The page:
Over her three weeks at Ovolo Southside, Hinksman found her experience was one of “peaks and troughs,” which she was able to get through thanks to regular fitness classes (her local gym offers at-home programming) and daily calls with friends and family. Even with her careful routine, however, Hinksman still hit an unexpected wall towards the end of her stay.
“In my mind, I thought that the last week would be the easiest as it would be the final stretch at that point – but in reality, that wasn’t the case for me. I hit my lowest point on Day 16 and 17, which I wasn’t expecting, and really struggled.”
Kirsteen Thain completed a 21-day confinement after returning from a trip to the US last autumn, and says that she suffered a similar experience at the end of her quarantine.
“Overall, I repressed everything and it was only on my last day that I was hit with overwhelming anxiety – suddenly I had to leave and be responsible for myself. I was stressed at the idea of making choices, or small things like not knowing what the weather would feel like.”
Thain is a personal trainer, and her career requires her to be physically present with her clients. She said that the financial stress of not being able to work for three weeks was one of the biggest factors that contributed to a decline in her emotional wellness during her quarantine.
“I was very frustrated about the financial side,” says Thain, who is originally from Hong Kong. “Hong Kong has created a dystopian world where only people who are rich enough to not worry about time or money can travel. You’re either rich or desperate if you go abroad now.”
The effects of quarantine
It’s still unclear what kind of long-term impact this all might have on us. Thain points out that the forced nature of Hong Kong’s quarantine process – including hardline reminders of the strict protocol in place – can feel more frightening than the actual experience itself.
“You hear stories of people being arrested for stepping outside their room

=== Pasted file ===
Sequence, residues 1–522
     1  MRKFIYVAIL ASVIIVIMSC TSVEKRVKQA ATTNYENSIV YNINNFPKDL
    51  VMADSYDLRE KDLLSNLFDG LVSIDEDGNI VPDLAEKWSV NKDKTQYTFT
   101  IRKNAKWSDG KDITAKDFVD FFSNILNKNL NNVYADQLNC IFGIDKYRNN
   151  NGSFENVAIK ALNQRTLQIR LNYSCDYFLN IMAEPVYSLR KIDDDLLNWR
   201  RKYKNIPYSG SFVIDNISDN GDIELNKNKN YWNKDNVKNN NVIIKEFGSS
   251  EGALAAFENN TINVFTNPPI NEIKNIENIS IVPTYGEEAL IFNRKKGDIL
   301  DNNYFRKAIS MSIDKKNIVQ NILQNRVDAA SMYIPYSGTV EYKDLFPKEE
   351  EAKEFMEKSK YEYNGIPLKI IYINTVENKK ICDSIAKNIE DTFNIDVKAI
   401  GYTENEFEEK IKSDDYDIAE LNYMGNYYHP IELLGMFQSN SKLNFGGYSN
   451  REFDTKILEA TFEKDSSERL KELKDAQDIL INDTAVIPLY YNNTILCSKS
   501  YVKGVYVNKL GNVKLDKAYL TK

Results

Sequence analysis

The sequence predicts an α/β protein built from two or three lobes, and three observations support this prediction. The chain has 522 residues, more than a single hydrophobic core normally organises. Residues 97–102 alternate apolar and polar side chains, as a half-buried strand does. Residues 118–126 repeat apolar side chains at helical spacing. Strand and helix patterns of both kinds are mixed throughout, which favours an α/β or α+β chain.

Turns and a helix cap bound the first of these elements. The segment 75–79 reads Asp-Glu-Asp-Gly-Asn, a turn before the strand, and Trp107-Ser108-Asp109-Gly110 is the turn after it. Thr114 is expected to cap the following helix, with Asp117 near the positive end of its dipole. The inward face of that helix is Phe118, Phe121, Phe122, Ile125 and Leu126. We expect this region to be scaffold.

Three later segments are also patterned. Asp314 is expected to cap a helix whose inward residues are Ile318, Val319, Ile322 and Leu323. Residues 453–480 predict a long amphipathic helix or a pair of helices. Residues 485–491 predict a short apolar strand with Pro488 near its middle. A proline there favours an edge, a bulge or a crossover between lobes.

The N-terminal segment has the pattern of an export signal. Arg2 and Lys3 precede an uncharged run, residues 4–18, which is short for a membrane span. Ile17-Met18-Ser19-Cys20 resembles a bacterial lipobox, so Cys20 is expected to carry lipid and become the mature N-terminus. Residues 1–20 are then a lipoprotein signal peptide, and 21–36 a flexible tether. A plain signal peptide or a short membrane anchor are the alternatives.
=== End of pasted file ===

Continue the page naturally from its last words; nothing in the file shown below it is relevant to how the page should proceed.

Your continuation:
for a moment,” she says. “There are notices with threats of imprisonment and fines up on the walls and doors. If you open the door for a delivery and there’s staff outside they leap away from you like you’re diseased.”
Physically, many quarantiners said that their bodies also suffered from the limited confines of a hotel room or quarantine camp unit. Hinksman said that even with her regular workouts, her knees and hips ached deeply, while an elite athlete like Thain says it took her 10 days to recover.
“Physically I had atrophied rapidly,” the personal trainer explains. “Working out in a room can’t replace high-volume walking, so just moving normally in the real world injured me. The arches of my feet ached, my hip hurt, and my calves were sore.”
Quarantine survival: stay positive and over-prepare
How can we mitigate the risks that quarantine poses to our wellbeing? Most people who have completed a long-haul quarantine agree that it comes down to two things: preparation and perspective.
Jean-Francois Goyette, a company director originally from Quebec, says that he relied heavily on a strict routine, planning his days out in extensive detail each of the three times he has spent in quarantine: twice in hotels, and once in Lei Yue Mun camp as a close contact.
“Structuring your days is critical,” he says. “I set an alarm every morning, and got busy as soon as I got out of bed. Otherwise the moments of the day just merge into one.” Goyette says he found quarantine “fine, if a bit inconvenient”, and broke up the isolation through online sessions with a personal trainer and regular FaceTime calls with friends.
“We all have the ability to creatively adjust to situations and produce novel responses, experiences, and narratives in unique situations,” says ReSource’s Chan, adding that humans have a unique psychological ability to be adaptable under even the harshest of circumstances.
In Dr. Blaine’s paper on Hong Kong quarantiners, the researcher also found that some of the study’s subjects thrived from the experience, something she attributed to their overall perspective of the scenario.
“For a very few participants, the experience was actually positive, which they attributed to entering quarantine with a positive mindset,” she wrote.
So what does it take to emerge through quarantine a happy, healthy and relatively unscathed human being (if a bit lighter in your bank balance)? Check out some of the best quarantine survival tips that we received from mental health experts and former quarantine inmates.
Also on Liv: How To Survive Your 21-Day Quarantine With Kids